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The Fraser Mustard Centre is currently undertaking several research projects.
For children impacted by complex trauma, their experience at school can be punctuated by behavioural incidences, fearfulness and anxiousness, inability to concentrate, difficulty developing and maintaining relationships with peers and adults, struggles with emotional regulation, high rates of absenteeism, and school exclusion.
In South Australia, the Department for Education has made available a range of training options to support schools to improve their capacity to work with children who have been impacted by trauma.
The Telethon Kids Institute has been contracted to evaluate this initiative in partnership with the Department. The research team’s focus is to explore schools’ experiences of implementing trauma-informed practice and develop an understanding of how principles are applied, barriers to implementing practices, and factors that facilitate schools’ adoption of the approaches.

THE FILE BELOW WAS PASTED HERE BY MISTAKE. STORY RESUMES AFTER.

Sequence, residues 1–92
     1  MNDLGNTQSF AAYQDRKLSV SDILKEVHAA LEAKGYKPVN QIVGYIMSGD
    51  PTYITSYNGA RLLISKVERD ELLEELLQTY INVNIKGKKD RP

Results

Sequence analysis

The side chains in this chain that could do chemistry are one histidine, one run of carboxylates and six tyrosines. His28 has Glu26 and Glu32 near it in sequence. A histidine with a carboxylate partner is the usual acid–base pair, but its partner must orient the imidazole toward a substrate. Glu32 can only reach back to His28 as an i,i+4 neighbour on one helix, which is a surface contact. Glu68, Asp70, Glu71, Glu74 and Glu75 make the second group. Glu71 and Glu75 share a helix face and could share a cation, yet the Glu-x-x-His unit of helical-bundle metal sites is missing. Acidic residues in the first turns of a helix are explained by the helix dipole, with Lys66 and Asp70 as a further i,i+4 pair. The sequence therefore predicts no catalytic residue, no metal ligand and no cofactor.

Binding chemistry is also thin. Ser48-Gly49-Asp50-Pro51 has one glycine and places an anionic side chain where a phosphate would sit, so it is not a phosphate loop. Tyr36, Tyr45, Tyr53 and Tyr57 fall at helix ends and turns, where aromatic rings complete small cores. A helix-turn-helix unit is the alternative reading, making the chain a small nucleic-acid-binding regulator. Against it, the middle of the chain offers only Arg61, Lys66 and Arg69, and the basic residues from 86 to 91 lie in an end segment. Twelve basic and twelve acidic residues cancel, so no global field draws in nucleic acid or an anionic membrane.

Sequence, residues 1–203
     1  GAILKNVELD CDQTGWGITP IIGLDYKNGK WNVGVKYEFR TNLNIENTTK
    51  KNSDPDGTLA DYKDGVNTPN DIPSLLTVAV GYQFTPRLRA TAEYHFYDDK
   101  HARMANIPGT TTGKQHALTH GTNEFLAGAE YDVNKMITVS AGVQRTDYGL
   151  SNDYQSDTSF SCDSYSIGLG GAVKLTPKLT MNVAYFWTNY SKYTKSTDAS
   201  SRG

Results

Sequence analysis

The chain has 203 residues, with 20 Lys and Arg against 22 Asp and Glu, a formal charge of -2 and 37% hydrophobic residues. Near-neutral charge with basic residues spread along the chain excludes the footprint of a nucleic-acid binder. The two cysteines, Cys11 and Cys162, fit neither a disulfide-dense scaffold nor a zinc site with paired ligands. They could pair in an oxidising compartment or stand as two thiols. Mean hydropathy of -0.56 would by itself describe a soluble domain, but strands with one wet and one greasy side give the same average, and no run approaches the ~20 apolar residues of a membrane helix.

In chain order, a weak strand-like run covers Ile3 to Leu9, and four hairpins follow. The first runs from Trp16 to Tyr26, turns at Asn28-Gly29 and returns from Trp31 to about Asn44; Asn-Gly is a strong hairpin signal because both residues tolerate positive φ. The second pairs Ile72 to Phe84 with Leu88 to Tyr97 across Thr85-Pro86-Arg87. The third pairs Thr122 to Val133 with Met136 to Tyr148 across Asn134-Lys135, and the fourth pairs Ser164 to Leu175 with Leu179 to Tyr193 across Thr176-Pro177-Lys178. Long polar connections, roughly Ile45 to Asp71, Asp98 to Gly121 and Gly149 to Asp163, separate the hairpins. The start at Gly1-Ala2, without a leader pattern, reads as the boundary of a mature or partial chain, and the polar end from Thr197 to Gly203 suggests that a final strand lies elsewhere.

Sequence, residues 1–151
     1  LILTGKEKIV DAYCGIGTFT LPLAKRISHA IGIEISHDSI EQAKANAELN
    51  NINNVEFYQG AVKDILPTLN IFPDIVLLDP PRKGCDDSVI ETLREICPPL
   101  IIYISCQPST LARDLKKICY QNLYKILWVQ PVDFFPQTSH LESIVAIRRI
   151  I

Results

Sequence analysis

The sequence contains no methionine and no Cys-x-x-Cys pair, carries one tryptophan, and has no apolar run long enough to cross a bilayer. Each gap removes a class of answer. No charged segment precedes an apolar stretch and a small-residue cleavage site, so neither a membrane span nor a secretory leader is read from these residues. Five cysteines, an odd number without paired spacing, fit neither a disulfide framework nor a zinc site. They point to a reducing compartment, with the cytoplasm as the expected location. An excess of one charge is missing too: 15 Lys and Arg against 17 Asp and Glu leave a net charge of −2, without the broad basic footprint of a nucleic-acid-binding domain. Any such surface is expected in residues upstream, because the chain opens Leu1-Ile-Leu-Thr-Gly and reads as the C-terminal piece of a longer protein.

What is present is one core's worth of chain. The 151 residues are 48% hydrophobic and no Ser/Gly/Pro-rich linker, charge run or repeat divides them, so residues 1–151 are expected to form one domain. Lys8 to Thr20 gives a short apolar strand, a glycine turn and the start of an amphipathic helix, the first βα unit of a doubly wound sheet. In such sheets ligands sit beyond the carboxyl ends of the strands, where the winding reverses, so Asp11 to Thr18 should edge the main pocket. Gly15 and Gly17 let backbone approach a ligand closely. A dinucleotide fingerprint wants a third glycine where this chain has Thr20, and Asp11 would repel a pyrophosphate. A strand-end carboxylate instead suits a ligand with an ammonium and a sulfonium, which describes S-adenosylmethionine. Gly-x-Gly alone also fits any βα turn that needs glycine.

Learning+ is a new online mathematics tutoring initiative being piloted by the South Australian Department for Education to accelerate student learning of the mathematics curriculum. Qualified teachers receive training, resources, and professional support to build their knowledge and skills to tutor students in the Australian Mathematics Curriculum. Students receive two 30-minute 1:1 tutoring sessions per week for 10 weeks, via an online platform, tailored to their individual learning needs.
The program is being piloted with Year 6 and 8 students in South Australian government schools. Through Social Ventures Australia, the South Australian Department for Education has contracted the Telethon Kids Institute to conduct an independent evaluation of the Learning+ pilot initiative.
In South Australia, the Inclusive Preschool Program (IPP) provides a preschool education option for children with disability who require extensive adjustments to their learning environment and program. The IPP is staffed by educators and support staff who have specialised education, knowledge, and expertise.